Tax Reforms Should Include Removal Of Automatic Tax Exemptions For All Types Of Churches

Author: August 3, 2011 12:45 pm

The Mormon Temple in Salt Lake City, Utah. In 2008, despite a clear violation of separation of church and state, the Mormon Church in Utah called for it's patrons to donate money to fight Prop 8, a ballot initiative in the State of California. Image from http://www.solaresphotography.com/#/travel/UTAH0342-01

The newly passed deficit reduction plan, which was forcibly attached to the debt ceiling increase, includes the creation of a special bipartisan congressional ‘Super Committee’ to fast track deficit reduction legislation by the end of the year.  A critical, though long-ignored, source of revenue which should be addressed by this committee is the removal of the automatic tax-exempt status provision for churches as well as for synagogues, mosques, and other similar places of worship.  This discussion is vital if tax reform is a truly legitimate goal of this Congress, as both Democrats and Republicans have stated on numerous occasions.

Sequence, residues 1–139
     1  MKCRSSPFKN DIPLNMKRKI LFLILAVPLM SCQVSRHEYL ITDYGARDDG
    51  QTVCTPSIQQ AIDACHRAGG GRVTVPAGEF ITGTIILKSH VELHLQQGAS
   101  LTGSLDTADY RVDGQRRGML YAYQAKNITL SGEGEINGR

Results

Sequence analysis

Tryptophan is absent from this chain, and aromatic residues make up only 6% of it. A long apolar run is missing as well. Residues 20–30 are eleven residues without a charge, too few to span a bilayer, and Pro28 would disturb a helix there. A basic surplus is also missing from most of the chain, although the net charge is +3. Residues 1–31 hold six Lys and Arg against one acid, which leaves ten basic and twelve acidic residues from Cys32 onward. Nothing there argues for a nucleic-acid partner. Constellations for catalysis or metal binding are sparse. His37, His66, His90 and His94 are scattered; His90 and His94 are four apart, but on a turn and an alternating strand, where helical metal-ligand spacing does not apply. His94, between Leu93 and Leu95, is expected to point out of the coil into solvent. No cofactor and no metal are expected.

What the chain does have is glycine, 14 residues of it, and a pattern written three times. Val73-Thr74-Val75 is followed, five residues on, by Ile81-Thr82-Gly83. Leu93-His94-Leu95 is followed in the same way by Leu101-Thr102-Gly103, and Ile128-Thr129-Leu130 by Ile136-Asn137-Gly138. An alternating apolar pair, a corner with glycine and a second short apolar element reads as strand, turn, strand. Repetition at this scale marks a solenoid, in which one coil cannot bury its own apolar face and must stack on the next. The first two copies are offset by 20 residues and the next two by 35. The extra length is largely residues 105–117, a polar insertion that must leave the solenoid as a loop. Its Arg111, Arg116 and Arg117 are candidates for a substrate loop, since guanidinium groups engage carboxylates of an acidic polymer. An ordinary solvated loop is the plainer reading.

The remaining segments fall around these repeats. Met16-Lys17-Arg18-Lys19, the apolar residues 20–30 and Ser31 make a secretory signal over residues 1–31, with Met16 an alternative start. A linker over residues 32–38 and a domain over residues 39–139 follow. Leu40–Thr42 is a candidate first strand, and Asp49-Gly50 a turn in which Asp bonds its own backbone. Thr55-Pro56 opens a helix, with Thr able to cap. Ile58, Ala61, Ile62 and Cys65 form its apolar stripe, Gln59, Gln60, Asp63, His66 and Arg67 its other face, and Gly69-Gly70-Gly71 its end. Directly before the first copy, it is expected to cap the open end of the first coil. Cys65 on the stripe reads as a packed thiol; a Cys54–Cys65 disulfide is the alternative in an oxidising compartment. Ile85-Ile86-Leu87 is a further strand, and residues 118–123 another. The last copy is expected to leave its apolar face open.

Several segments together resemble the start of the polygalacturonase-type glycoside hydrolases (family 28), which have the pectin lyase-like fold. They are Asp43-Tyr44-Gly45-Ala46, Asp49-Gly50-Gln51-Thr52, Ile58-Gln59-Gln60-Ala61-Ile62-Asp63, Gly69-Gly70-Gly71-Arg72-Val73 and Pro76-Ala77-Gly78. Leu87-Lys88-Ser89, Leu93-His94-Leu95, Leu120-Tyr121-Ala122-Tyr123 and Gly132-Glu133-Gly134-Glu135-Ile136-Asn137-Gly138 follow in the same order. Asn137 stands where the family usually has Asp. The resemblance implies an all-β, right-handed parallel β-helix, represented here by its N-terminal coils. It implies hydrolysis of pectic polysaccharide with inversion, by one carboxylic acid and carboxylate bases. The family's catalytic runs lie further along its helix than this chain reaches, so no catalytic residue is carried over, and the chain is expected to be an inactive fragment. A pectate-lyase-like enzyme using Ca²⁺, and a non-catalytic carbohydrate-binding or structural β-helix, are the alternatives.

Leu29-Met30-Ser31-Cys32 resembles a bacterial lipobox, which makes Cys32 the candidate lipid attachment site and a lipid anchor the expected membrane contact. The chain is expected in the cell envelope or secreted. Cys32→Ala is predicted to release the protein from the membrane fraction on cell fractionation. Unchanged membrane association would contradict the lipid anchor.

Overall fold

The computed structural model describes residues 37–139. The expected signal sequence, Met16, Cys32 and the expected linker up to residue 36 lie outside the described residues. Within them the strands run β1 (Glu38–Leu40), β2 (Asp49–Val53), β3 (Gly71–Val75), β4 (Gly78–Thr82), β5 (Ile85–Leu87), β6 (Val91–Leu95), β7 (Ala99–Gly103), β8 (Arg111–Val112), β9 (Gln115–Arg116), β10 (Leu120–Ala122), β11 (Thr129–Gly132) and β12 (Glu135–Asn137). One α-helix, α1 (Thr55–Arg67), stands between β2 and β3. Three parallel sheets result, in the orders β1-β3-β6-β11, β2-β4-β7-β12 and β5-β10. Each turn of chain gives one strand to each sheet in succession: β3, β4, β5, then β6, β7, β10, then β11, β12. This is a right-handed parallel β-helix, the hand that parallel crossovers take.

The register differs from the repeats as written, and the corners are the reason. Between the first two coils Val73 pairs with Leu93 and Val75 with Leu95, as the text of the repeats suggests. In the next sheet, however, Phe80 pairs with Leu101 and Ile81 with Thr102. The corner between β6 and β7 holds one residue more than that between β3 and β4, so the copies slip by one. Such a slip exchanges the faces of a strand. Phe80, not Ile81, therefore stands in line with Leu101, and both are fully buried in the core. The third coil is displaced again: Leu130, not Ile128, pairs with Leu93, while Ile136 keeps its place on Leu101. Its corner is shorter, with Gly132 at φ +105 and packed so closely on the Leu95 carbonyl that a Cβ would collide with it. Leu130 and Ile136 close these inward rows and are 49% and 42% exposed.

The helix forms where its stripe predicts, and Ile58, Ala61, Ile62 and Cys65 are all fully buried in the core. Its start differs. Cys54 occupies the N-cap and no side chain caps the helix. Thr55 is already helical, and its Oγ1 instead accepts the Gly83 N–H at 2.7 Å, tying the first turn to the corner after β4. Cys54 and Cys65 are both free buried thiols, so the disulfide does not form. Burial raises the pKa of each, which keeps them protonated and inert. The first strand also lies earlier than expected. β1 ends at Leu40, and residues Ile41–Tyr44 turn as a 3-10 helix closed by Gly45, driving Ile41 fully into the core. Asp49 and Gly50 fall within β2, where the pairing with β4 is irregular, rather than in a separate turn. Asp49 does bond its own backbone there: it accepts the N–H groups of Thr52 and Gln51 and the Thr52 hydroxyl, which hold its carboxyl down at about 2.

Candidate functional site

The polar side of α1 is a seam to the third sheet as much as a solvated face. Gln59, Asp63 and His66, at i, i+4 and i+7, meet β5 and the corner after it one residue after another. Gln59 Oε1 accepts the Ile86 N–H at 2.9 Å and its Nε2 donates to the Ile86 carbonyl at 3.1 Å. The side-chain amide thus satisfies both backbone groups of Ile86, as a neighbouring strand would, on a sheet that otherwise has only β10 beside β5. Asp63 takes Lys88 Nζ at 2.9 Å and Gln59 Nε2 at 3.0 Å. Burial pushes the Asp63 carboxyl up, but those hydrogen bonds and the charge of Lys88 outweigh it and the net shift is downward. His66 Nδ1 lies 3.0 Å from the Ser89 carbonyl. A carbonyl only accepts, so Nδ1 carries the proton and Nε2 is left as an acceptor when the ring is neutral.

The five qualifying factors for charitable organizations to gain tax exemption are the following, according to the IRS:

  • The organization must be organized and operated exclusively for religious, educational, scientific, or other charitable purposes.
  • The organization’s net earnings may not inure to the benefit of any private individual or shareholder.
  • No substantial part of the organization’s activity may be attempting to influence legislation.
  • The organization may not intervene in political campaigns.
  • The organization’s purposes and activities may not be illegal or violate fundamental public policy.

While charities and religious organizations must apply for tax exemption status and prove that they meet these criteria, churches are virtually automatically tax-exempt. They do not need to apply for the exemption. Nor must they do anything significant to prove that they qualify under the above guidelines.